Good luck and be careful what you wish for - your wish may get granted.....
(Karl - thanks for rubbing it in. It is a balmy 20 degrees here under bright blue skies.)
Back to topic - NC Cams has a good point about using a turnkey type system, there are a lot more "unknowns". That being said, Karl's point on Camsoft is also legit as well. It sounds like this is a "try it and see if works, we really have nothing to lose by trying it" situation. That gives you more flexibilty toward the DIY side (IMHO). There are several of us in the TC area that use Camsoft (I am a couple hours west of you), and I'm sure would be willing to show you "our stuff" if you would be interested.
I would be very interested! I need this thing to work, but I have time. My I idea would be to "prove" the theory with the homebuilt stuff and then retro it up to industrial strength if necs. I would like to buy a motion package from someone and I'm leaning to Camsoft. I apprieciate and respect the opinions. We currently have several high doller pieces of automated equiptment (Mazak lasers with auto loaders, Amada Vipros turrets with auto loaders, etc.) and they seem to be as quircky as my Bobcad and Boss 5 at home. We also cannot get Mazak to return our calls anymore about a glitch that sure seems to be a firmware type issue. They say it must be in our Radan (also big money) software, Radan says it's Mazak. There is a movement here pushing for more automation, which I am all for. Being part of the production team, I see the need to become more and more self reliant a must. As the technology advances at an exponetial rate in this country it will be harder and harder to get factory support. We currently have a great (read educated) maintainance dept, they just don't get the production end of it. Again, thanks to all.-Dave
To comment a bit on custom tools and maintenance, from somebody that has handled the maintenance end of things, it really doesn't matter who builds the machine. Some home built hardware works as well or better than the factory supplied stuff. It is a matter of applying time to the engineering, frankly time just isn't there these days.
Generally it is my belief that off the shelf hardware, that is tooling that has not been customized and has been stable for awhile is hard to beat for quality. In many cases service after the sale makes or breaks the vendors reputation.
As to something like a home built router I find it hard to believe that you can build an industrial quality unit at a reasonable price. Here I'm including the engineering and development time and effort. There are just to many vendors to choose from that have alredy gone through that process. I mention routers because there might be one or two on the market that can do what you want. Have you considered a HAAS GR series machine? It sounds like you need a drill and tap machine for large sheet goods, something like a GR "router" might work. HAAS also has a low speed spindle that might be useful for harder materials.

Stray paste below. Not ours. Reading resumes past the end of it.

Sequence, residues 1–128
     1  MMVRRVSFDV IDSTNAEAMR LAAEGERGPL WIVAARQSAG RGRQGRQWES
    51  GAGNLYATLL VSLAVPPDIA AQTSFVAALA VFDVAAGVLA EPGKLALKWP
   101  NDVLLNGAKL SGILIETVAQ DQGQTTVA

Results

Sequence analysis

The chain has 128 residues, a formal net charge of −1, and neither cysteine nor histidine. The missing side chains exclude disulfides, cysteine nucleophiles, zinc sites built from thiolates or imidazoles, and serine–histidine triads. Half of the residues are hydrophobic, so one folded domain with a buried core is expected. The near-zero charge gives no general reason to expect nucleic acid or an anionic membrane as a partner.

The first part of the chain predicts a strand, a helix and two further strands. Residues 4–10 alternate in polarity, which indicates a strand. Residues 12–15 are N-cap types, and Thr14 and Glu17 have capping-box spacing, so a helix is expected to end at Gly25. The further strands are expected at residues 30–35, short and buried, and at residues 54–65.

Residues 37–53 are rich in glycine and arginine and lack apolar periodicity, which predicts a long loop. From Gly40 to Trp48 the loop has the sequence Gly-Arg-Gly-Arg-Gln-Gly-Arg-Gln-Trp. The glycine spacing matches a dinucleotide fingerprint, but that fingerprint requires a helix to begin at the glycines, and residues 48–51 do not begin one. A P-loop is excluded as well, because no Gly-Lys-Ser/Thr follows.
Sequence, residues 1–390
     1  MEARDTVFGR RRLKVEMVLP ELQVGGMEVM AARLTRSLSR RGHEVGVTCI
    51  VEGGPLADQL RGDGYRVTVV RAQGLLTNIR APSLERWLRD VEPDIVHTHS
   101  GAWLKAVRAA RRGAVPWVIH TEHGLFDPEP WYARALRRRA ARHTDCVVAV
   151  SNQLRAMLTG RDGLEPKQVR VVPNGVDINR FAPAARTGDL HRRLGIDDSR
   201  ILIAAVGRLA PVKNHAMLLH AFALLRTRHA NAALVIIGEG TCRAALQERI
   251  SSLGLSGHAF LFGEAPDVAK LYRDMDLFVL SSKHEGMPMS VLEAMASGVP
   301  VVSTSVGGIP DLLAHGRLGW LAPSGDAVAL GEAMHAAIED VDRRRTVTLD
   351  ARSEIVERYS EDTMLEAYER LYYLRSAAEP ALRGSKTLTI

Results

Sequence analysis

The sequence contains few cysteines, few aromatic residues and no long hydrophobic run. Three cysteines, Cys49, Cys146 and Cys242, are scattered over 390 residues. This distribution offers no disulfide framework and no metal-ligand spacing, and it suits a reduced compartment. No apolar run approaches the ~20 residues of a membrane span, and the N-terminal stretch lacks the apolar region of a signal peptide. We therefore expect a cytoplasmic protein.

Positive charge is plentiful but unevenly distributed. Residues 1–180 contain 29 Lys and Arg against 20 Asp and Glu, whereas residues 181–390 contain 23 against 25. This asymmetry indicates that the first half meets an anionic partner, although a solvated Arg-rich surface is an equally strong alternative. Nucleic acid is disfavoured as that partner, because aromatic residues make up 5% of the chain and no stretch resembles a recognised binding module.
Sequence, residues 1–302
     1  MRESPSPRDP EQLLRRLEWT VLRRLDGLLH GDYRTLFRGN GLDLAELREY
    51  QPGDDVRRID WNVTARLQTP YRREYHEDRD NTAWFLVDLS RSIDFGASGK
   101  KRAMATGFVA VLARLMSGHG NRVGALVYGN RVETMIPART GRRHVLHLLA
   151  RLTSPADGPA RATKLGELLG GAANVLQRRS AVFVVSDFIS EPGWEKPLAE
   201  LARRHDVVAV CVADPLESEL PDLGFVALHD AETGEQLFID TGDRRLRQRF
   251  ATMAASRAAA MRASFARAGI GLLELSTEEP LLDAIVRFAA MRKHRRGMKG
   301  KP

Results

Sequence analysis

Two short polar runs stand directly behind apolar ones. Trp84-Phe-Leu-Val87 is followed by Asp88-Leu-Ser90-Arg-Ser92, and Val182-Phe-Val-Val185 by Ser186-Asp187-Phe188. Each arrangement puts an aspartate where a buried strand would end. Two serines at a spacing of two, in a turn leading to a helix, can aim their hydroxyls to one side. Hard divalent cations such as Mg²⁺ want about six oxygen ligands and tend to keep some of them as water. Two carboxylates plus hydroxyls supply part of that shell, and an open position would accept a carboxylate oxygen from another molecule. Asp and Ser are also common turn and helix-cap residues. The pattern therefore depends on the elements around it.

I understand what you are tring to do with drilling and tapping heads, there is potential. Especially if you have a bone yard of equipment to reuse. The problem is that I see having to zero out two or more heads or coming up with a set of offsets for each head. Doable yes but a maintenance/setup nightmare even more. In the end if you don't have a bone yard to work from, and the engineering and technical organizations to build the machine you are very likely to spend alot of money for a fixed purpose machine.
HP's comments about the software/hardware guy's finger pointing at each other is SO true. I have this basic philosophy: if you can't see electrons, you can't trust them.
The key to me seems to be to take proven mechanicals, match it with proven software control and you'll stand a reasonable chance of getting it to do what you want it to do.
Thus, if you'r gonna retrofit, find a system that is running nearby and talk to the user. See if there are "issues". The hardware is usually gonna have a legacy. Then it becomes an issue of system integration.
If you have the time to develop even a bolt together retrofit, fine. However, the chances of somebody without the time or software expertise bolting together a system that runs as intended out of a bunch of unintegrated parts is gonna be tough.
Hobbies are one thing, production environments are something a bit more serious. I'm speaking as business owner who's an engineer who CONSTANTLY fights the urge to get involved in another science project. Ultimately, you gots to pay the bills.